One of the things some authors do to promote their book is a “blog tour” which I’ve heard described as the modern day or indie equivalent of hitting the road for signings at book stores. The goal of such an undertaking is twofold. First, to get the word out that your new book exists (remember what Lynne Cantwell told us about effective frequency), selling some books while setting other readers up for future sales and second, to get a jump on the number of reviews on Amazon and other retailers. Some blog tours are review only, which helps with the second goal, but limits the number of bloggers willing to participate. Others offer different kinds of content for bloggers who are not willing to commit to a review. What these different kinds of content are will vary depending on who organizes the tour and the willingness of the author to create additional content. Interviews with the author, character interviews, and guest posts are examples of content frequently offered.
Let’s imagine you’ve hired a company to put together a blog tour for your new book. When you’re asked about the types of content you’re willing to provide, you respond with, “Yeah, yeah, I’m willing to do any of that. I just want as many people as possible to know my book is out.” The tour operator has done a great job, getting several sites to agree to review your book, a few asking to do interviews, and a bunch more requesting guest posts. Now it’s time for you to do your thing.
Reviews, no problem. You’ve already written the book. Other than hoping they don’t hate your masterpiece, your work is done. Interviews? Answer a few questions. Not an issue. But what the heck are you going to write for guest posts? The short answer is whatever will do the best job of attracting the right readers to buy your book. Coincidentally, I’ve got some thoughts on what that might be.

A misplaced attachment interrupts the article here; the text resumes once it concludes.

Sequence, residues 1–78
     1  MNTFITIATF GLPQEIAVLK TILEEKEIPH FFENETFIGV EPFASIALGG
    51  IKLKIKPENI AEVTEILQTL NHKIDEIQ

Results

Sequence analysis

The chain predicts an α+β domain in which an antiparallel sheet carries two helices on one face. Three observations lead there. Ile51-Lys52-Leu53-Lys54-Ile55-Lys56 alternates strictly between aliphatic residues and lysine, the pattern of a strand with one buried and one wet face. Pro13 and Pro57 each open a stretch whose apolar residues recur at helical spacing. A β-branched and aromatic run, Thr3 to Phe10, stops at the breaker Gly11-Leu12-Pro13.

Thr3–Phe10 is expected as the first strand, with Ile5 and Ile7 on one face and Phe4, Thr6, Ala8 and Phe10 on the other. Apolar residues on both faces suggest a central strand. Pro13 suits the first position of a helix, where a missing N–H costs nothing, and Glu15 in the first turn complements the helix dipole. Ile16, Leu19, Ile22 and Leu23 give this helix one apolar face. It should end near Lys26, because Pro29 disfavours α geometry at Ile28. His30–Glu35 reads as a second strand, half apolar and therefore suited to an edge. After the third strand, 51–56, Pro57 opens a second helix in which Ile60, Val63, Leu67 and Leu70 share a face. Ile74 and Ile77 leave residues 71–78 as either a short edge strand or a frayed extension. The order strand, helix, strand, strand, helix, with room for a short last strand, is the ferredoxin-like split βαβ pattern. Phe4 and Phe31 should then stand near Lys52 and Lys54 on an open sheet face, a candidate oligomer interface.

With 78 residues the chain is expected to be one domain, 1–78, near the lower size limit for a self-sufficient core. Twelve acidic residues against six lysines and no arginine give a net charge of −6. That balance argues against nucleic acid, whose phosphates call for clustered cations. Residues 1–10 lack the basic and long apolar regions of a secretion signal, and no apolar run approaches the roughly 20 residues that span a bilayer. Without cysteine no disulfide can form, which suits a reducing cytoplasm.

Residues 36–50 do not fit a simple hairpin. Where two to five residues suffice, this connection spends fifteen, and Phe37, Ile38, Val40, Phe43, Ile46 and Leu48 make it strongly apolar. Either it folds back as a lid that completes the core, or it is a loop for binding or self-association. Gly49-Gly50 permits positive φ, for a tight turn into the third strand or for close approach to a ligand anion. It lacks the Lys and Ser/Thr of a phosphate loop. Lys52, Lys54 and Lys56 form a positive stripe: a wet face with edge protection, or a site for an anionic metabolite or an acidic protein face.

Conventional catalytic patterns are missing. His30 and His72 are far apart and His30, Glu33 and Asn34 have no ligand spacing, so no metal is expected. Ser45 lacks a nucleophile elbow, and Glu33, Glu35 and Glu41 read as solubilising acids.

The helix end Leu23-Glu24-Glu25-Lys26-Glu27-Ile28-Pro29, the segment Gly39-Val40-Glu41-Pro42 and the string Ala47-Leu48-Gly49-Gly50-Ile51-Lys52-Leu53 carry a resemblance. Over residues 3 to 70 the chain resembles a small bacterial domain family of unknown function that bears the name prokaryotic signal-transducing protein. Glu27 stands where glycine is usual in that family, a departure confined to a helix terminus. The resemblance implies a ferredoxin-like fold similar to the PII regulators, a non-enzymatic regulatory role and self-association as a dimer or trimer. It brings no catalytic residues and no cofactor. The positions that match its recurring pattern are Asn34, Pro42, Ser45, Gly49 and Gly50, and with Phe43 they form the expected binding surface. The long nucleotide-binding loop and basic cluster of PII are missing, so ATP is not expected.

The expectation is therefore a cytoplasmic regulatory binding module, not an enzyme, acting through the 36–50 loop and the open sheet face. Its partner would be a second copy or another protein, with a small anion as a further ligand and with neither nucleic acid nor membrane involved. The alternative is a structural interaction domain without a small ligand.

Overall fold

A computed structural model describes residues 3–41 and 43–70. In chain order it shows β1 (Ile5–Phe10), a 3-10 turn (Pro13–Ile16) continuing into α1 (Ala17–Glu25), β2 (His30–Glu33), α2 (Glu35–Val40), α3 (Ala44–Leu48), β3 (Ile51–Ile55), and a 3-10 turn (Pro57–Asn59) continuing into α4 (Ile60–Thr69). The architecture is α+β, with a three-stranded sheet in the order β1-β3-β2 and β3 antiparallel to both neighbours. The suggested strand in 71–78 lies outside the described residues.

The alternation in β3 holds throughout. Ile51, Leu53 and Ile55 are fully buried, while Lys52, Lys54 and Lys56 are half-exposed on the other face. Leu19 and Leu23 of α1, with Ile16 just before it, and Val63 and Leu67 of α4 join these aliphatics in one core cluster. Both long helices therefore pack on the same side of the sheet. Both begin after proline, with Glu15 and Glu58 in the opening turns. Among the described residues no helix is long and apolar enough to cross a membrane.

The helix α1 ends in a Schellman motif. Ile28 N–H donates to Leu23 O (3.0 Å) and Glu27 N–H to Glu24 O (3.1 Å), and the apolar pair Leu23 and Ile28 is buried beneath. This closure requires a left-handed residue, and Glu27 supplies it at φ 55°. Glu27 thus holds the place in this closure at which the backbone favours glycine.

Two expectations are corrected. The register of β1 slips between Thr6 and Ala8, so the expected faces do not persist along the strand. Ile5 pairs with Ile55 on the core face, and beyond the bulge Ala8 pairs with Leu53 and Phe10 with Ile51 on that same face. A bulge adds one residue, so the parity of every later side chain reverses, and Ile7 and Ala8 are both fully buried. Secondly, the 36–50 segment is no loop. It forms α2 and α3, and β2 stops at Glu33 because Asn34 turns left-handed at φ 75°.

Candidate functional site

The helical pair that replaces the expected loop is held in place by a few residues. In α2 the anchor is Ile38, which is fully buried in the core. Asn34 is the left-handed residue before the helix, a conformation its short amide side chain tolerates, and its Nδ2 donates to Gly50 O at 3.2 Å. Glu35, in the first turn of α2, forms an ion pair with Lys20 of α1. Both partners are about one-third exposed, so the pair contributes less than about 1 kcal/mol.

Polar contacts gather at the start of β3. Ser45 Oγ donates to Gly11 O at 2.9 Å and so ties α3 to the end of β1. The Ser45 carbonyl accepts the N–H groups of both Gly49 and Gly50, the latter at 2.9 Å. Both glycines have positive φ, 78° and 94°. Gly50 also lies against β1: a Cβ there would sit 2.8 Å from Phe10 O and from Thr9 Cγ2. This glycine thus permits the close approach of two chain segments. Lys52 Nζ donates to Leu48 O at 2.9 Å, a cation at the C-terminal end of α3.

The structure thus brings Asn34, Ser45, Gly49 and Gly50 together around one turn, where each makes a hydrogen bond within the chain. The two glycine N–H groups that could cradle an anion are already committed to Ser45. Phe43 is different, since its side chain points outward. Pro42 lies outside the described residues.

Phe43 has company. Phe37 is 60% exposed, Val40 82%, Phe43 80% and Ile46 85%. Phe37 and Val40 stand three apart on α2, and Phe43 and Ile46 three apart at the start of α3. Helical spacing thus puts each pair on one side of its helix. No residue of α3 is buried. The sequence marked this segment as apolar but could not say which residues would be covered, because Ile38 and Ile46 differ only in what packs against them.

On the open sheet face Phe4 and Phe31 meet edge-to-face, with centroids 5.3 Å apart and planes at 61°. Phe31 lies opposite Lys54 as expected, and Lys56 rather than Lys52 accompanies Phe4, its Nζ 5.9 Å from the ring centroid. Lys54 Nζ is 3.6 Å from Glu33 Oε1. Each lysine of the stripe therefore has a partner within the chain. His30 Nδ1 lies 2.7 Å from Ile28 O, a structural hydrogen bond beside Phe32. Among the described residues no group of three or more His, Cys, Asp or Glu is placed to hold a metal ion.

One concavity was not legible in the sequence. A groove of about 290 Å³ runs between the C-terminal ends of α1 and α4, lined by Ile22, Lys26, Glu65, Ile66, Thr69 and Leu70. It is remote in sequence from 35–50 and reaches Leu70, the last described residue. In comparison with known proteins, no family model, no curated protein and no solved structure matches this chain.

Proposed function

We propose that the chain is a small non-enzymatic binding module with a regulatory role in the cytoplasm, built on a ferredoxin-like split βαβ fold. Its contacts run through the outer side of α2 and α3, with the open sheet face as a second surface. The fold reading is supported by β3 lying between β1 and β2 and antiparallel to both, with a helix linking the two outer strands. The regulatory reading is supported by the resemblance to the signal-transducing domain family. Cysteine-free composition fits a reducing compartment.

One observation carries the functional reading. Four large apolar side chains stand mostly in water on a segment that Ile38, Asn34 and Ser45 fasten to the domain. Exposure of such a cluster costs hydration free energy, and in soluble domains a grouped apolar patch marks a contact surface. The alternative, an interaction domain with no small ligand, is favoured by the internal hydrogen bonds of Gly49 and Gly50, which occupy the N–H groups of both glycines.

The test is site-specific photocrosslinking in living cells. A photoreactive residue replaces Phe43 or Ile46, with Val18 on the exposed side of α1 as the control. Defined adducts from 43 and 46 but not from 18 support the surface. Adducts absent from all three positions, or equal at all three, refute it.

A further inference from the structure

The best, most successful guests posts are created when the author follows three rules. Don’t visit the sausage factory, consider this an audition, and sell, but sell softly.
Don’t Visit the Sausage Factory
Too often an author’s first thoughts when brainstorming for guest post topics is to put too much emphasis on “write what you know” (which is presumably about writing) and not enough on “consider your audience.” Are you trying to interest other authors in buying your book or readers? Even if you know the audience of a particular blog has a lot of authors, remember that authors are readers too. It’s their reader side you want to engage. Don’t make your guest post about the writing process. The typical non-reader doesn’t care and for many reading about the how of creating your book is akin to a visit to the sausage factory: a good way to turn a carnivore into a vegetarian.
Consider This an Audition
A guest post isn’t typically fiction, but that doesn’t mean it can’t tell a story. It should. Ideally tell that story using the same style as you do in your book. If you’ve written a book with lots of humor, this isn’t the time to get serious. Whatever the subject of your guest post, make sure your author voice shines through. As much as you can, give the reader a sample of what they might experience reading your book.
Sell, but Sell Softly
This last item has two parts.
Sell. That’s one of the goals, right? The best way to do that is by writing about a subject that will pique a potential reader’s interest in your book. That’s accomplished by choosing a topic that ties in some way. If it’s personal, so the reader comes away feeling they know a little about you, that’s a positive as well.